After matriculation, and with no concrete acting offers yet received, Claude returned temporarily to Bedford where his father had lined him up with a sales job selling limestone products. The president of the limestone company, William G. Riley, had learned about Claude’s capabilities as an actor, speaker, and singer. Being a theater buff himself, he decided to arrange a sponsored tour for Claude and members of the Bedford American Legion Chorus to put on shows in several cities. The programs included theater performances, short comedy skits, singing engagements, and other kinds of entertainment shows. The tour was a financial and popular success. Several of the Chorus’ performers, including Claude, were noticed by theater agents. One engagement found the group in the state of Virginia. It was there that Claude received his first contractual theater offer. In an ironic yet positive twist, Mr. Riley and the limestone industry had closed the door to Claude while literally “setting the stage” for his real ambition to materialize.
Not much has been written or is known about Claude’s personal life between 1949 and 1952. It is known, however, that after several stints on Broadway including "The Rose Tattoo," he moved to the Los Angeles area seeking to advance his acting aspirations with film roles. His first role in 1951 was on TV in Dragnet, which starred Jack Webb as Detective Joe Friday of the L.A. police. In 1952, Akins married pretty Therese (Pie) Fairfield, a student nurse he had previously dated at Northwestern. They eventually had one son, Claude Marion, and two daughters, Michele and Wendy. It can also be assumed that, like many aspiring young actors, Akins worked at various jobs to make ends meet while trying to gain status in the movie industry. There is one indication that he was paid for doing some commercial advertisements on early TV. Although his name did not appear in any known film credits during that time, it may be safe to say that he routinely considered bit parts or helped as an extra from time to time.
In 1953, his first official role came in the film "From Here To Eternity," starring Burt Lancaster, Deborah Kerr, Montgomery Clift, and Frank Sinatra. Akins played the minor part of a rough-edged sergeant named "Baldy" Dhom (get the nickname pun?--a screenplay joke attuned to his ultra-short G.I. haircut in the film. He had to lose all his black wavy hair to play that role). After this rather inconspicuous beginning, fortunately in an Oscar-winning production, studio casting directors began to consider the possibility of similar tough guy roles for this "newly discovered" actor. The casting opportunities quickly became plentiful and Akins, from that time forward, never experienced a lull in acting assignments until he retired in 1992 at age 65. His forced retirement was brought about by a recurring battle with stomach cancer. During most of his film years, audiences never saw a shirtless Akins on camera, because of a highly visible scar across his torso from surgery intended to halt the advance of that same cancer diagnosed in his earlier years. It caught up with him again in 1992 and eventually, owing partially to latent surgery complications, it led to his death two years later.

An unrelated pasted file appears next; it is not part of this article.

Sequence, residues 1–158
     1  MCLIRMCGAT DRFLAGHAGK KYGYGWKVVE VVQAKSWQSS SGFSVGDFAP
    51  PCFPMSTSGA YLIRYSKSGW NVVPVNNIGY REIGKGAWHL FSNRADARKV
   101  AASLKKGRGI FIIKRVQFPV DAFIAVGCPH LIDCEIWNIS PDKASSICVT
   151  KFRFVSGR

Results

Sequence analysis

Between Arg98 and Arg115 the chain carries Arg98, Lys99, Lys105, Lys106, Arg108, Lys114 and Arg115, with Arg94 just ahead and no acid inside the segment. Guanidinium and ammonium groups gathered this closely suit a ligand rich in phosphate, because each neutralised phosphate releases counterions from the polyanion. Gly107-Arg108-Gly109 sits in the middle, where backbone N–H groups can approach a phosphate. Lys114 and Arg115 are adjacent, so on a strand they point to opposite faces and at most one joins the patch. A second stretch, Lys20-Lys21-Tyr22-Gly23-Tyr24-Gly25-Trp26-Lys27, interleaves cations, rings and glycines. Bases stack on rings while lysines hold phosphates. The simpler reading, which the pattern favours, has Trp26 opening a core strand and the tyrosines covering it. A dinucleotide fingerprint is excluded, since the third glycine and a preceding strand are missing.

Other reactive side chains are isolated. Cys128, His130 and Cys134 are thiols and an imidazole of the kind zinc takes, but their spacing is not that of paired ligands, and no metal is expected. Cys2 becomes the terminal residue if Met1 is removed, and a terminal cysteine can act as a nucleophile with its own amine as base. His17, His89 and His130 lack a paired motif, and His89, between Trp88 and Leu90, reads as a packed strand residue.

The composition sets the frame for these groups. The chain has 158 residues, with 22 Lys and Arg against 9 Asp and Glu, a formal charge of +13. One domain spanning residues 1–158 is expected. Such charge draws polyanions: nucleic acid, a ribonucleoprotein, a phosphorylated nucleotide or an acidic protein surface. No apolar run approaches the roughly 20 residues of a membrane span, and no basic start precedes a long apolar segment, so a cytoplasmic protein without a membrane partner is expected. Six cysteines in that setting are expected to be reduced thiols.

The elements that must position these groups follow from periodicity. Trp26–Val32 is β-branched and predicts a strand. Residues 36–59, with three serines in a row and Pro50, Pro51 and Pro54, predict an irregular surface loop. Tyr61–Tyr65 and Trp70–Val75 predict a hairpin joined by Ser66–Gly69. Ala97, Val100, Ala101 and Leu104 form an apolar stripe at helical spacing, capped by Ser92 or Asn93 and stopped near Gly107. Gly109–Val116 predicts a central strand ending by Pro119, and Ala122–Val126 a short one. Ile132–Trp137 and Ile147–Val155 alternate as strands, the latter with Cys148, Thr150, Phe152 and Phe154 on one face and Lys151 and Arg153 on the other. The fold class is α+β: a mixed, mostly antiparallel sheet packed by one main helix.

Akins' acting career spanned nearly 40 years. During that time, his fame and recognition as a great character actor grew with nearly every film in which he appeared. Possibly his best roles were as two-fisted tough guys or nefarious villains, but he never experienced being typecast as such because he could also very effectively play a highly masculine yet kind-hearted hero, a bumbling ne'er-do-well, or perhaps just an everyday down-to-earth, blue collar Joe. This diversity of character became evident in films such as Rio Bravo, Battle Stations, Onionhead, Inherit the Wind, Merrill's Marauders, and The Defiant Ones. Altogether, Akins was cast in nearly 100 feature films. His face is familiar to anyone who watches movie re-runs on TV.
His reputation as an actor in television was even more profound. In the series "Movin' On," produced in 1974-76, he probably hit the apex of his viewer popularity. As Sonny Pruitt, a self-employed long-distance truck driver, he was able to bring together nearly all the components of a personality having strong individuality, honesty, toughness (yet modified by a kind and gentle disposition), and above all a selfless empathy for those he would routinely encounter who were experiencing unfortunate situations. That role came naturally for a man who actually possessed all those traits in real life. Other TV series that helped maintain his popularity were the comedic "Misadventures of Sheriff Lobo," "B.J. and the Bear," and “Nashville 99,” along with “Gunsmoke” and “Bonanza,” weekly television productions in which he frequently appeared as guest star. His overall guest appearances on television shows numbered well into the hundreds.
Today, if you were to drive north on State Highway 53 to the outskirts of Nelson, Georgia, you would see a signpost at the edge of town which reads "Home of Claude Akins." The old wood frame house where Claude was born in 1926 is still standing and, at the time of this writing, is occupied. In Bedford, Indiana, an annual golf tournament held at Otis Park in the late summer commemorates Akins' early life there as a high school student. The entry fees, gate receipts, and donations are deposited to a scholarship fund in his name. Most of the proceeds are awarded for financial assistance to a specified graduating senior at Bedford North Lawrence High School who intends to enroll in college. Other portions of the fund are allotted for repairs and improvements to Otis Park and its facilities. The memory of Claude Akins has apparently not faded away in either of the two widely separated communities, nor has it departed the minds of those of us who continue to appreciate the fine art of acting, while recognizing all the down-to-earth qualities of this kind and gentle man who provided it for us. FINIS